An Amphibian Pollinator

Science Fields

When we hear the word “pollinator” we immediately think of bees. In fact, almost everyone knows the words allegedly said by Albert Einstein “Without bees, mankind would only survive on Earth for four years.” However, bees are not the only pollinators. Flies, beetles, birds and even some mammals can play a role in the pollination of flowers. To truly qualify as a pollinator, it is necessary to identify the pollinating the activities and to assess how quantitatively effective they are in the reproduction of plants. In other words, is a plant able to reproduce without its pollinator and/or how successful is it at doing so?

Recently, a brand new discovery was made in this plant-animal relationship. The tree frog Xenohyla truncata, which lives in the tropical forests and gardens of Brazil, may be the world’s first known amphibian pollinator. This orange, small, sweet little fellow was seen rolling around in the flowers of Cordia taguahyensis, also known as the milk fruit tree, in search of nectar, and then walking away from the scene with pollen glued on its back.

During previous studies, X. truncata was found to have fruit remains in its stomach, making it one of the very few amphibians that feeds on fruit (amphibians usually prey on invertebrates). It was also previously known to spread the seeds of the fruits it feeds on. Flower nectar, which is high in calories, can be an attractive source of energy, especially for female frogs in the process of producing eggs.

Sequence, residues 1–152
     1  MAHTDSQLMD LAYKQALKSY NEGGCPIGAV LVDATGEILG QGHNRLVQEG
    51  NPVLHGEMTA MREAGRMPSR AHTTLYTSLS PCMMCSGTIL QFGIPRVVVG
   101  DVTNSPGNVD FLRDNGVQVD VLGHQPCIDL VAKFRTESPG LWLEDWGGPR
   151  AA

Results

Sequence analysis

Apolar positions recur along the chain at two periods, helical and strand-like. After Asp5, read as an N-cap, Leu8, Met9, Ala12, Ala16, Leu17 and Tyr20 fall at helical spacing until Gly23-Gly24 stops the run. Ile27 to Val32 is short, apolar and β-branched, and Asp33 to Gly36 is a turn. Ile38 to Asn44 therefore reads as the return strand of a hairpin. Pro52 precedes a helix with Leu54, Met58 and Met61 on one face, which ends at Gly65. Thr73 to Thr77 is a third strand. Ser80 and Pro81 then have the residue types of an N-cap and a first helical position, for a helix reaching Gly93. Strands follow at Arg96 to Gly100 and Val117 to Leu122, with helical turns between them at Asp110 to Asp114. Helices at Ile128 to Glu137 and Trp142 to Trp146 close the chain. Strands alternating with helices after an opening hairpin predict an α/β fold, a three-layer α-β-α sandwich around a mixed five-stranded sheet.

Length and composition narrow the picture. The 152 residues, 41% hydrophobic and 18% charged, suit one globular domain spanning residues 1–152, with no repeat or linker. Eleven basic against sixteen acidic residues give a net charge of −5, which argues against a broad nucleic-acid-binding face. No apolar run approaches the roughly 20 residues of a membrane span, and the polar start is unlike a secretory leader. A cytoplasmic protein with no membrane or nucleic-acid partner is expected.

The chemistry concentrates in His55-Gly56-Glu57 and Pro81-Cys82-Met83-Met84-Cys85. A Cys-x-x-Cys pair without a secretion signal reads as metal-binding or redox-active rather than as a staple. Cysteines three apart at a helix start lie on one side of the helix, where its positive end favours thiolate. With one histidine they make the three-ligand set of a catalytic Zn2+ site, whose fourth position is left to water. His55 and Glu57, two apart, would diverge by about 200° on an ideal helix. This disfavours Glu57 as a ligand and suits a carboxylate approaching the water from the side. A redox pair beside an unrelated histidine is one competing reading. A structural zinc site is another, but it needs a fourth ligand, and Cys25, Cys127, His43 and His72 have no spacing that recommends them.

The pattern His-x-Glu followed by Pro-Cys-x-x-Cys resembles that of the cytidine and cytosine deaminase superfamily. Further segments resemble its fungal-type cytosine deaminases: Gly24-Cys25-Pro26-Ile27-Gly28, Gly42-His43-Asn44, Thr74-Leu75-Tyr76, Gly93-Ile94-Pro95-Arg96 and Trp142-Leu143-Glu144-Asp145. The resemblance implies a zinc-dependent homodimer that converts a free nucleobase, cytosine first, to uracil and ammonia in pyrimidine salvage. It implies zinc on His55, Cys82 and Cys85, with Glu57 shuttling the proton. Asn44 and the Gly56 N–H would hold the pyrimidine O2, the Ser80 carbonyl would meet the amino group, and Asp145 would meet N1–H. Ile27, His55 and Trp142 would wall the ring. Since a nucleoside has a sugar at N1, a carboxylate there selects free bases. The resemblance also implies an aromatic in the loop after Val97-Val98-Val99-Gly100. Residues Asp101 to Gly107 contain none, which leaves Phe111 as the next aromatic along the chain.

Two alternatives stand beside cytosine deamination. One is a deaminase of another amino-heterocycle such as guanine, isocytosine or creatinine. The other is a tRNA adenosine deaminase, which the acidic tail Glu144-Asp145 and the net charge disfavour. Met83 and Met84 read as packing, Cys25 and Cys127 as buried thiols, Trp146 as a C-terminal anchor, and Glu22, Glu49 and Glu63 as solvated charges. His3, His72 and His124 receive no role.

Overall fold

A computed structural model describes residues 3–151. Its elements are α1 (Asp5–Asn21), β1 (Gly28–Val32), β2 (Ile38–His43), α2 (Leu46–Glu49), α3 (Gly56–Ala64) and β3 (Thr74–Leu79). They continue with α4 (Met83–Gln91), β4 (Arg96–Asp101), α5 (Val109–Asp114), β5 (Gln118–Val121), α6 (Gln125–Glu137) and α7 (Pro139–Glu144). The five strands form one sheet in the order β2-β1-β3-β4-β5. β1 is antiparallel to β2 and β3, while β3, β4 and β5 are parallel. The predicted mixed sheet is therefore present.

Although the frog has been photographed interacting with flowers before, this is the first time scientists have seen this interaction live. Of course, it’s too early to call it a true pollinator, but it’s possible that it travels from flower to flower with pollen on its moist back. What role it plays in the pollination of C. taguahyensis needs to be studied, as it is important to see if the pollen attached to the frog’s back is damaged during transport or if it visits enough flowers to have a significant effect on pollination.

X. truncata, like many of its relatives, is an endangered species. The possibility that it could be the world’s first and perhaps only amphibian pollinator excites biologists and may open the door to conservation measures.


  • 1. https://www.scientificamerican.com/article/this-frog-may-be-the-first-amphibian-known-to-pollinate-flowers/
  • 2. https://www.iflscience.com/never-before-seen-frog-behavior-suggests-they-could-be-plant-pollinators-68802